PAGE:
Everyone seems to be looking for that little morsel of knowledge to improve their time. Ten minutes before the race, Mattei was making a survey to decide which pair of his shoes was the lightest! Flory Rodd didn’t want any extra baggage. He refused to wear a wrist watch, and purposely lightened his load by getting a short haircut. He didn’t even want the normal male undergarments – too much weight!
Good diets are forgotten near race time. The theory is to load up on starch (carbohydrates) in the hope that it will convert to energy during the race. Mattei, again, was champ. He consumed more spaghetti and rolls in his 137 lb body than I could ever down… and then had a hot fudge sundae for dessert. We found out later that he had whetted his appetite before dinner with a cold can of Franco-American spaghetti. Most top runners use this approach. Not one to go against the tide, I ordered lasagna with a ravioli chaser.
Seemingly inconsequential obstacles become monumental. The problem of not losing time by Mother Nature’s call is a side benefit of the heavy starch diet before a race. The 3 nemesis of runners – the mighty blister – seems best curtailed by wearing no socks, and putting Vaseline all over your feet.
Positive thinking is mandatory, too. The race must be psychologically run in sections. You don’t run Hopkinton to Boston, but Hopkinton to Ashland, Ashland to Natick, etc. At 15 miles, the thought dawned on me that the remaining distance was far greater than our S.F. Bay to Breakers race (7.6 miles). I immediately faded. Misrach and Petie ran away from me. The remaining girl we had seen in the race was more than threatening. Nina had taken a 50 yard lead, and she was accompanied by fellow New Yorkers, who we will call Mr. Yellow Shirt and Mr. Green Shirt. I developed an immediate dislike for Mr. Yellow Shirt, as Misrach informed me he was about my size. Our two groups had exchanged friendly words before the race, but there was no doubt we were “gunning” for each other. We promised to get together after the race. Misrach insisted that if there were ever another Bataan Death March, he would be over-trained.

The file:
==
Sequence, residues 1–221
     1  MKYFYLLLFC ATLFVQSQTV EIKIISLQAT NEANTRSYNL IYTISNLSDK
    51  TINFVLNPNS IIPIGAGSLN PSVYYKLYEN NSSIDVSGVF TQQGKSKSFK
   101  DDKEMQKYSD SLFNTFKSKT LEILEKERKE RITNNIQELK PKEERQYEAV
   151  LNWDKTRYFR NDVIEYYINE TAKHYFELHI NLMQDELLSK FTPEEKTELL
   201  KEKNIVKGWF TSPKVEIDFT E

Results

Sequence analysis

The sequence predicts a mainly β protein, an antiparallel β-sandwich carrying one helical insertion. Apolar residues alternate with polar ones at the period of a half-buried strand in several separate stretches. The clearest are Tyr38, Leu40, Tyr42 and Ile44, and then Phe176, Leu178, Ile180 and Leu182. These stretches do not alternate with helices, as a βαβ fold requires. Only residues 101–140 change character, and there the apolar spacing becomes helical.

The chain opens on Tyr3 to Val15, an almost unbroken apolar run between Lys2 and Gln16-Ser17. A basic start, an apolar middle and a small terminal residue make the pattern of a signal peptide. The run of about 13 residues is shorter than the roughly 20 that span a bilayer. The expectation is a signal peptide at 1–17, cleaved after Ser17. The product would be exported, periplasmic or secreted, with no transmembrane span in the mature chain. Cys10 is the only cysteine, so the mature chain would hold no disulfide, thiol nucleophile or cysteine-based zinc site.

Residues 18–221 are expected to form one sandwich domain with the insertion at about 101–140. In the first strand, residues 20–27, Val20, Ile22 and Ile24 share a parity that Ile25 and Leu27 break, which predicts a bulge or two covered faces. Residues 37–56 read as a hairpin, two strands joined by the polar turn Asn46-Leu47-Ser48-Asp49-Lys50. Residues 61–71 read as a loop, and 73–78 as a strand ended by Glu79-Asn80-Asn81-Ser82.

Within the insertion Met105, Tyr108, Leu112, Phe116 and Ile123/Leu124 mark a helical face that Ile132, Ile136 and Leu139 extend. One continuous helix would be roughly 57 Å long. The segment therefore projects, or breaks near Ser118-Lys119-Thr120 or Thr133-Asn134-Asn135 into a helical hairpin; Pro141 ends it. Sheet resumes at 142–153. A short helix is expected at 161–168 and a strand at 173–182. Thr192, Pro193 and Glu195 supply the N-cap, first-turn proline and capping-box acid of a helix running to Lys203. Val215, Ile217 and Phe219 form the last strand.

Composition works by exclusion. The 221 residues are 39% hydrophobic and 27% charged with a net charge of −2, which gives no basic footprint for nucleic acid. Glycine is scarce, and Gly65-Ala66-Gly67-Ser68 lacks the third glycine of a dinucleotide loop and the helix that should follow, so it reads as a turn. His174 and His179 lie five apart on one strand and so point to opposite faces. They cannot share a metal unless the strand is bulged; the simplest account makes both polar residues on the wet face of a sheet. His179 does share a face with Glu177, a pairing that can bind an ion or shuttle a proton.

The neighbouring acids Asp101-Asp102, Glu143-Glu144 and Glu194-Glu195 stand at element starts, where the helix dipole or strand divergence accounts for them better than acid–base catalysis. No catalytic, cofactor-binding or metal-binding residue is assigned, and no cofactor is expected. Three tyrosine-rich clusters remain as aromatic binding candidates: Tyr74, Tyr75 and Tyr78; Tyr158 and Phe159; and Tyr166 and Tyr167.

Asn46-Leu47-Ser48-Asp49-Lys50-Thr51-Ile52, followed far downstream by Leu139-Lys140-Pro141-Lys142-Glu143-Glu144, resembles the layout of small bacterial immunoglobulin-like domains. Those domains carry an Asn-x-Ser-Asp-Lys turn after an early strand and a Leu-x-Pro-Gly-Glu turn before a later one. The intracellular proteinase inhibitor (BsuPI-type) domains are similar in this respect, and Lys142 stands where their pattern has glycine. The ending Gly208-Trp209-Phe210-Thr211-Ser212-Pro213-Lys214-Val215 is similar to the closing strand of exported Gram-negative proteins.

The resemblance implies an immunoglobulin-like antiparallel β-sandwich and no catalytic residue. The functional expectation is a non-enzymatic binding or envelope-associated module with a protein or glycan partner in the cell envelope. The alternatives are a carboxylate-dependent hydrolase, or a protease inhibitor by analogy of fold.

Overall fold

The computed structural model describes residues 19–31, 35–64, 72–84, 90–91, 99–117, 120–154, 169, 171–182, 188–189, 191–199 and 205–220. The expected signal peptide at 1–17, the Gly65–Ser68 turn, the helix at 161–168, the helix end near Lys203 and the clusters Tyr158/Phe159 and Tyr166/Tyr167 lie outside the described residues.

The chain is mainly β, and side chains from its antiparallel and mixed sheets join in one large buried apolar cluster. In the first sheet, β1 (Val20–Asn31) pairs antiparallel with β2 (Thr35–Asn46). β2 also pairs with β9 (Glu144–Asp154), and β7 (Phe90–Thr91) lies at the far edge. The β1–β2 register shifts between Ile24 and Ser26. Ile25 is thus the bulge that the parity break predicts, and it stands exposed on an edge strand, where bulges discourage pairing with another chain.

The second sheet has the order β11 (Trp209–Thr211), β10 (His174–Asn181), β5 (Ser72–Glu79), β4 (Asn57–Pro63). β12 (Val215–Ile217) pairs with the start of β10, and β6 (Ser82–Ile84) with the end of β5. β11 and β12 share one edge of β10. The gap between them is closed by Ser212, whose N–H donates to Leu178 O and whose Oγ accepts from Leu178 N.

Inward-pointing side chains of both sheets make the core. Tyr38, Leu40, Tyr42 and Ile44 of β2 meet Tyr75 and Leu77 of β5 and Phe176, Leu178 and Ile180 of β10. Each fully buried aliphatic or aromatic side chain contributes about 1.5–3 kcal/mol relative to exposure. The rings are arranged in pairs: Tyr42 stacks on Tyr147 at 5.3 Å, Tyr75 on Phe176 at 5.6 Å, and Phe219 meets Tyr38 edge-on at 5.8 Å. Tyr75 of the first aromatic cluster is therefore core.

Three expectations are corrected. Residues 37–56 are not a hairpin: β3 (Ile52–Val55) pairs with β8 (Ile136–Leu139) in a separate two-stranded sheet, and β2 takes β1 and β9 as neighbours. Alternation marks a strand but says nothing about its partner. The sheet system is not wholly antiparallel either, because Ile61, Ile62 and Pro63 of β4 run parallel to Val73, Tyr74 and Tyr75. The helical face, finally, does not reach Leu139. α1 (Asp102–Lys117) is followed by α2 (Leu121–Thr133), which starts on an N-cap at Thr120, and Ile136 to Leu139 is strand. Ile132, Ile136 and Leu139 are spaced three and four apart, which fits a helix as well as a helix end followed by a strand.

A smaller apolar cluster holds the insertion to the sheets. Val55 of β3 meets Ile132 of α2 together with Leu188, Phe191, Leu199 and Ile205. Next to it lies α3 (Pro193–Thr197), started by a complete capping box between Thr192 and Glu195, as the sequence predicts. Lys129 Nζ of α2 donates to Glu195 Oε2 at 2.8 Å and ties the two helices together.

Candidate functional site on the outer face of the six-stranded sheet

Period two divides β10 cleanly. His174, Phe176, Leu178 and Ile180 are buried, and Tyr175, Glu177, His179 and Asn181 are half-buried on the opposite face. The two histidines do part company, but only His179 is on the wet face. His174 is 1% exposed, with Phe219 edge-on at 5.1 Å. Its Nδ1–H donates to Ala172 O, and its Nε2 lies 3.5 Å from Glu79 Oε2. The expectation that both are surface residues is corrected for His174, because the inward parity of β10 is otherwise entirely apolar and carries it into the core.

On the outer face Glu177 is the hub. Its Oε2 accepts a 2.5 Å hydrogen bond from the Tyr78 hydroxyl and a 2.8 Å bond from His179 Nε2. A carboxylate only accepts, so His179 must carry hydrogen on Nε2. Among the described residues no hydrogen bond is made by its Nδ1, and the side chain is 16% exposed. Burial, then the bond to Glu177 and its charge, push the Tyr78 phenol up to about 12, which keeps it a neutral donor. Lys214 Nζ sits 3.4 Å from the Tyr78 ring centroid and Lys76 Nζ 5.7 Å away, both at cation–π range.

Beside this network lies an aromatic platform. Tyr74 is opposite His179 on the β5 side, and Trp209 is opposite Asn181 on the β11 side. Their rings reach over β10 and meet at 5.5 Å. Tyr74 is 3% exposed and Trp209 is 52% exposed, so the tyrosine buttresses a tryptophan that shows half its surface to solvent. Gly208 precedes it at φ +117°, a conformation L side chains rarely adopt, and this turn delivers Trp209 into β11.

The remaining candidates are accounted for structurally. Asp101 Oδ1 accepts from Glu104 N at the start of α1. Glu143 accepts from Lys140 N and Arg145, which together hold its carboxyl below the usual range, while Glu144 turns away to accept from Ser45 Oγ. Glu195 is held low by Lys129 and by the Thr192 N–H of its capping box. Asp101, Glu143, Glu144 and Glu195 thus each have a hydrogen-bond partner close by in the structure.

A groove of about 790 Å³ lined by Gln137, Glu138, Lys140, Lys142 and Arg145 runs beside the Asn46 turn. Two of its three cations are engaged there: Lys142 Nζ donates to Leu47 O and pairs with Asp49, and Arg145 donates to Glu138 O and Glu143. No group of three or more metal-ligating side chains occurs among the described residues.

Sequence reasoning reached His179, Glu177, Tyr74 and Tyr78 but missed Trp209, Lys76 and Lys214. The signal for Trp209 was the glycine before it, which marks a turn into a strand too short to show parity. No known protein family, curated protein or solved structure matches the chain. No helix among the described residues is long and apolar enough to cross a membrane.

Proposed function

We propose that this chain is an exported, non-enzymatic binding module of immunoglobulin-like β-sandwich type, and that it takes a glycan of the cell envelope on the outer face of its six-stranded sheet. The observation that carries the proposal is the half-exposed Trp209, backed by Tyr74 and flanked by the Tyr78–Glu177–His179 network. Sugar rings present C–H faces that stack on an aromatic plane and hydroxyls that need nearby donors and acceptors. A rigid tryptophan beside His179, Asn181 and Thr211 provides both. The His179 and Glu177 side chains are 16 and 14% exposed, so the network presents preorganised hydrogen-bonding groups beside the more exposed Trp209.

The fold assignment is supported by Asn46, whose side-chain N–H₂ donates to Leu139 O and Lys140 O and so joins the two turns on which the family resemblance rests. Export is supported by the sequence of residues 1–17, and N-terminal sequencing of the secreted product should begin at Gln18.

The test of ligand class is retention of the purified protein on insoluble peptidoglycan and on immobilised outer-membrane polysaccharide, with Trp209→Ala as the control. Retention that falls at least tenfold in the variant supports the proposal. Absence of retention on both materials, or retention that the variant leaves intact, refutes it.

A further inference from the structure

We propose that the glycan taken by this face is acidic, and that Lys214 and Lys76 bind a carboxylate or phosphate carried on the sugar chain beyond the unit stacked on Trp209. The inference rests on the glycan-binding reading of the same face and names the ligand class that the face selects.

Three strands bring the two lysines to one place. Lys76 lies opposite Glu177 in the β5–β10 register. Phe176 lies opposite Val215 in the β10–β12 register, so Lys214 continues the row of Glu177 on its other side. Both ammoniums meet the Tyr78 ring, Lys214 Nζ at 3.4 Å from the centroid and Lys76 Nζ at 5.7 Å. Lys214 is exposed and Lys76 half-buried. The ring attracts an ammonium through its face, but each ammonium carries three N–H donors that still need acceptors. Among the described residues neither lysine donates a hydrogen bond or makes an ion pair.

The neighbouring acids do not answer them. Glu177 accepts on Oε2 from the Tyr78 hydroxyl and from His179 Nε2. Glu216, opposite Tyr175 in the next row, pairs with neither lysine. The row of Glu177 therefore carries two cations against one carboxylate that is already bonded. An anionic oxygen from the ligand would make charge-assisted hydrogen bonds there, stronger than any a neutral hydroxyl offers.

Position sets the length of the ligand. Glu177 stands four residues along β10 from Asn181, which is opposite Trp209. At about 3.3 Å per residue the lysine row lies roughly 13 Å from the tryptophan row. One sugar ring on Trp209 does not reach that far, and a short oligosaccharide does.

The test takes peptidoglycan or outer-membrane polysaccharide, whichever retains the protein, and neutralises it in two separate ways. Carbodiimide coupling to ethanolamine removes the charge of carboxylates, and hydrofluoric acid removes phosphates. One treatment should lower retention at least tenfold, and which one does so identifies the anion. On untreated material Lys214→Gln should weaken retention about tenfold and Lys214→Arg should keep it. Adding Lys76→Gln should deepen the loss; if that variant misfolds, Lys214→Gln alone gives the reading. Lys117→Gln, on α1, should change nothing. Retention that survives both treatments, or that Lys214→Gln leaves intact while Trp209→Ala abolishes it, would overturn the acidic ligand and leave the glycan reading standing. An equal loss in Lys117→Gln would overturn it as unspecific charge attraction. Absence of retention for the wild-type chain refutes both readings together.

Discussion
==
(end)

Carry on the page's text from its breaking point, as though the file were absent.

Knowing that the Matteis and the Rodds run in another world, I always excuse myself with some “positive thinking” about competition from other 200-plus pounders. Early in the race, Misrach would point them out to me. I had redeemed myself at 15 miles and was about to point out to Misrach how many heavyweights we had passed, when Mr. Yellow Shirt went by with Mr. Green Shirt and Nina. Since Mr. Green Shirt was a high school coach, and had more time to train, he had an unfair advantage over me. Note, this negative thinking didn’t appear before the race – only after I faded at 15 miles. The negative thoughts were now eating up the positive thoughts faster than I could produce them!
The running climate began to get proportionately less humorous to the miles under our feet. One fading runner mumbled something about needing help from the Good Lord to make it. Misrach still had one of his patented comments left to amuse us. He told the guy not to count on any help, because the Good Lord got on the Losers’ Bus at the 12 mile mark.
By this time, Petie was edgy to discard our pre-race strategy, and go in pursuit of Nina… even at the risk of missing our 4 hour target and thus, the diploma, and a bowl of Irish stew (courtesy of the Boston Athletic Association). Actually, the previous year, Petie had been the only female to ever become an “official entrant”, in the sense that I had someone take her physical, and she entered as E. Pedersen. She was actually issued a number for her shirt. This year, a personal note from Jock Semple, “Head Honcho” of the Boston Marathon, excommunicated Petie and me for sneaking her in the previous year. Undaunted, we nevertheless returned with our Cathedral Hill Medical Center team shirts, to run the “classic” of all marathons again.
With Misrach’s help, Petie caught Nina and her friends at the bottom of Heartbreak Hill. Four miles later, Petie was 400 yards ahead, amazingly fresh, and determined that if this was to be her last marathon, it would be her best. Boston papers noted how strong she finished, and she said that the cheers from the crowd put watermelon-sized goose pimples all over her. She ran past Jock Semple, and the official finish line in 3 hours 39 minutes and 54 seconds.